Queer Faith: The Grace in You and Around You


Throughout the years, it has become increasingly apparent to me that our community has had to fight for every aspect of our lives, including our faith. This struggle often involves seeking acceptance and belonging in spaces where we have been historically marginalised.

In that quest for inclusivity, many of us focus so much on finding grace in others that we overlook the grace within ourselves.

For many LGBTQ+ individuals, being rejected by their faith communities can be a devastating experience. Losing a place where we felt we truly belonged can be arduous, and the pain of rejection can leave us feeling lost and empty. However, in this turmoil lies an opportunity for healing and self-discovery by embracing the grace within oneself.

Society often perpetuates the notion that we need to be saved or validated by external forces, whether it be through religion, relationships, or societal approval. However, true spiritual communion begins with recognising and embracing the inherent grace within ourselves. This is a realisation that we are enough, just as we are, and that our worth is not contingent upon the acceptance or validation of others.

While the fight for inclusivity within religious institutions is important, it is equally crucial to recognise that one’s faith community does not solely define our identity or worth. Even in the face of rejection, individuals can find solace in the knowledge that they possess an intrinsic grace that transcends external validation.

Our Beliefs About Ourselves Influence How We Interact With the World

What I learned in my journey of faith as a gay man is that Grace, in its true essence, is not a remedy for what is broken or needed but rather an acknowledgment of the inherent wholeness and holiness within each individual. It is the understanding that despite the trials and tribulations we may face, we are loved, affirmed, whole, righteous and included in the divine order of the universe.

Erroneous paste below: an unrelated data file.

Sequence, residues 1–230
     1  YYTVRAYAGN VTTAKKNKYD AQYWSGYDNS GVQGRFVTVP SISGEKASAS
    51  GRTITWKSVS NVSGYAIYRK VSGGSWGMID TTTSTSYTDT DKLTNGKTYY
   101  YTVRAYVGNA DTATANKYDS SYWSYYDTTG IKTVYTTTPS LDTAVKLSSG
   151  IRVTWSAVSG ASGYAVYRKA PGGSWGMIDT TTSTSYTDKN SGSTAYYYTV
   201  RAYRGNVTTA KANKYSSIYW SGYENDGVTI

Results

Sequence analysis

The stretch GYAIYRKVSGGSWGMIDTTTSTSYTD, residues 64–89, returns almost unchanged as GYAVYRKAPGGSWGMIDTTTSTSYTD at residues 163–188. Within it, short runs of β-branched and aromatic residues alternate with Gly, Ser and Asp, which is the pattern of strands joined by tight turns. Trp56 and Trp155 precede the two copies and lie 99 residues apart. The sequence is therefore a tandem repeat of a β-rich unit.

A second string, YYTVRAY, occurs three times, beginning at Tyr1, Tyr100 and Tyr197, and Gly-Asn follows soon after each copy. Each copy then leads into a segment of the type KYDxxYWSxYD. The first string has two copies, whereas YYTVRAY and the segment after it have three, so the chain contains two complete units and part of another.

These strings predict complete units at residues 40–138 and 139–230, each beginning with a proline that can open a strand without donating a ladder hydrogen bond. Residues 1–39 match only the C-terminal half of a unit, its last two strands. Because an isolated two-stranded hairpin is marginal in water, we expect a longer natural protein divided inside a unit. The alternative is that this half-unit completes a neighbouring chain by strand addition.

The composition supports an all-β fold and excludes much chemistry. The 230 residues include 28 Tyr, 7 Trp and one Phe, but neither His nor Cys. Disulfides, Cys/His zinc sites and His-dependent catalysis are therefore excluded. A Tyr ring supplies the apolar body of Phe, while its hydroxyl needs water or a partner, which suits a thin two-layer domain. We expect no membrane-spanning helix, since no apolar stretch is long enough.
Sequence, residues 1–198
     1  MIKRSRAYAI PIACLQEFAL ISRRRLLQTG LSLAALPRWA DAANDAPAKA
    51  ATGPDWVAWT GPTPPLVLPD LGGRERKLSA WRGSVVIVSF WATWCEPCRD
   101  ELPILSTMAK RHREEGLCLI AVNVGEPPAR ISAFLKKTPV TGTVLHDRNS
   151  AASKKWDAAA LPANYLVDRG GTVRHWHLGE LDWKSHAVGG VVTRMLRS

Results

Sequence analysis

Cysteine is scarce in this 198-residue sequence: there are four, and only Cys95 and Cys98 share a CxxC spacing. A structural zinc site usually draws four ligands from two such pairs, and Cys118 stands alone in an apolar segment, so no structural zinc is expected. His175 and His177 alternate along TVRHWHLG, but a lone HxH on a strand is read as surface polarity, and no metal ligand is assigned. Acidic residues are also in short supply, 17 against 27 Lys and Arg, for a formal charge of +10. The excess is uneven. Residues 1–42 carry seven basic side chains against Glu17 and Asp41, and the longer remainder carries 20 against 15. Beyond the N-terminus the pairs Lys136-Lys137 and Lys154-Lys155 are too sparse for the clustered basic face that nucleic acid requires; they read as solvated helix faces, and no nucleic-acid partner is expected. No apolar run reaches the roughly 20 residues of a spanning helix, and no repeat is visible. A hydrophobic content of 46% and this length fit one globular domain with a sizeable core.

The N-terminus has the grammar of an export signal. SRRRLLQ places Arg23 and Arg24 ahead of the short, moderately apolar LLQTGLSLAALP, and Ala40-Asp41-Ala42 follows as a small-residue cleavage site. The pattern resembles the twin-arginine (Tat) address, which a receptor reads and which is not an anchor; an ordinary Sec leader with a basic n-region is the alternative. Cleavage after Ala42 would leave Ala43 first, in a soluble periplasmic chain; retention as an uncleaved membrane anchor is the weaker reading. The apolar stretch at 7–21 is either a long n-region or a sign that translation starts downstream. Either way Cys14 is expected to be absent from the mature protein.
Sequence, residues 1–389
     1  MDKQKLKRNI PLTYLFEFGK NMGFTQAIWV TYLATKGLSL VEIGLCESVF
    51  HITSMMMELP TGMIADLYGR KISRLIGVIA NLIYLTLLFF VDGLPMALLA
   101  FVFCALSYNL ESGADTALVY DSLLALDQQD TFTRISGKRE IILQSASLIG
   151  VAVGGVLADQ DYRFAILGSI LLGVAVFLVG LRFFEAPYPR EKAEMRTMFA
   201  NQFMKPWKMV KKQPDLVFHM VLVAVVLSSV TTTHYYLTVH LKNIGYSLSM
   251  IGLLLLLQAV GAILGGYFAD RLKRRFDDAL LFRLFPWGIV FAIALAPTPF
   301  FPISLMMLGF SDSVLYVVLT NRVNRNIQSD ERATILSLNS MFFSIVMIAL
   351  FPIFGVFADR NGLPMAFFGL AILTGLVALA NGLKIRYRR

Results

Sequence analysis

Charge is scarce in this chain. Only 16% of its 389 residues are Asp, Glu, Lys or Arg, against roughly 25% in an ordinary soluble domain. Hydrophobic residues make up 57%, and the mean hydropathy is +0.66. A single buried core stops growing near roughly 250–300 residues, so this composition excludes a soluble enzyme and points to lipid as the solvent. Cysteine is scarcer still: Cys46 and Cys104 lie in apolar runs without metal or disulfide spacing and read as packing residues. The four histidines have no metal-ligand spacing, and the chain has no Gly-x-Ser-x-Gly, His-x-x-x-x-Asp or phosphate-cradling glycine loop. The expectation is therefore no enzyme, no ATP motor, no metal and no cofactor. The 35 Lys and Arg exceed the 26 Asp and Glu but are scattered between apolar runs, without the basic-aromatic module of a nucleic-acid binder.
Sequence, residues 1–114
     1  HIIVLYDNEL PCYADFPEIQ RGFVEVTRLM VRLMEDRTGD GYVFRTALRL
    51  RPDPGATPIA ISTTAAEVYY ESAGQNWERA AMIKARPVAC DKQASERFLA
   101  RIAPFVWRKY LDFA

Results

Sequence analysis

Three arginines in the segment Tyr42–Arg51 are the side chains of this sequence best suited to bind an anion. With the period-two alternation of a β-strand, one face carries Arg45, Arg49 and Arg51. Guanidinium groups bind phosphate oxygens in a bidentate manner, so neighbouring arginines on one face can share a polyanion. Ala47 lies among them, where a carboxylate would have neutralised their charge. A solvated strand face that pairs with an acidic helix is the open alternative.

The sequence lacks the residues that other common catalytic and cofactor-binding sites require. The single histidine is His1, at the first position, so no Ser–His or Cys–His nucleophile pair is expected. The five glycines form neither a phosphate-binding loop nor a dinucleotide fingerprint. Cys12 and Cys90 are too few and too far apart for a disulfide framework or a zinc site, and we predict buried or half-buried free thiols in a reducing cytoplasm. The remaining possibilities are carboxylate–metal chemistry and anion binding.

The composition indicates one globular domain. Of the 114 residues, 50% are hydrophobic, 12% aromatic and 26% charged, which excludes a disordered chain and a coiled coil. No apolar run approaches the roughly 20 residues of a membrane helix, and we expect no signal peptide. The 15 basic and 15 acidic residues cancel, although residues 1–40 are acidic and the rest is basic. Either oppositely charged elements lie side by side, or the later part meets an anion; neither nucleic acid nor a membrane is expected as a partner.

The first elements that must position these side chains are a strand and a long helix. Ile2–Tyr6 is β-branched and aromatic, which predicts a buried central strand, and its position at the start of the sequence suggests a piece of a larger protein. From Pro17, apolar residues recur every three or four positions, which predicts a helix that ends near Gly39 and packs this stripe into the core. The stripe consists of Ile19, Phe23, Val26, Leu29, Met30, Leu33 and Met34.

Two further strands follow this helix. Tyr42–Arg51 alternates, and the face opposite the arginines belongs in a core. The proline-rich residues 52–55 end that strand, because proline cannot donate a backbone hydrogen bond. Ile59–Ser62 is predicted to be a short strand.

And when we acknowledge that, we are able to extend grace to others, knowing that we are not bestowing something upon them that they lack but instead aligning ourselves with the grace that they already possess, affirming their inherent worth and dignity. The truth is that Grace does not seek to fix or dismiss the negative aspects of human behavior but rather to illuminate the underlying goodness and potential within us.

It is crucial to recognise that our beliefs about ourselves directly influence how we interact with the world around us. When we operate from a place of self-loathing or inadequacy, we perpetuate cycles of hurt and shame. However, when we embrace the grace within ourselves, we are able to extend that same grace to others, fostering a community full of compassion, empathy, and healing.

True Belonging Goes Beyond External Validations

As I reflect on our community, it’s clear that many of us still carry unresolved anger and pain, perpetuating a cycle of hurt that extends to those around us. The relentless pursuit of acceptance leads us from one relationship and person to the next, and even into different faith institutions. Yet we still feel empty and lost, only to realise that true belonging goes beyond external validations – it resides within ourselves.

Ultimately, finding the grace within ourselves is a journey of self-discovery and empowerment. It is a recognition that we can continue to live with so much peace and joy without seeking any validation and can still be connected to our faith without seeking for someone to validate that we are righteous and in good standing with God. By embracing the grace and beauty within ourselves, we can navigate life’s challenges with resilience, joy, and a sense of purpose.


Ishmael Mokone is a published author, speaker, and versatile writer, blending fiction, poetry, and non-fiction to captivate readers. A former pastor, LGBTQIA advocate, and entrepreneur, they inspire with their diverse narratives, advocate for social change, and empower audiences through their compelling speeches.

Get the Mamba Newsletter

Leave a Reply

Your email address will not be published. Required fields are marked *

Send this to a friend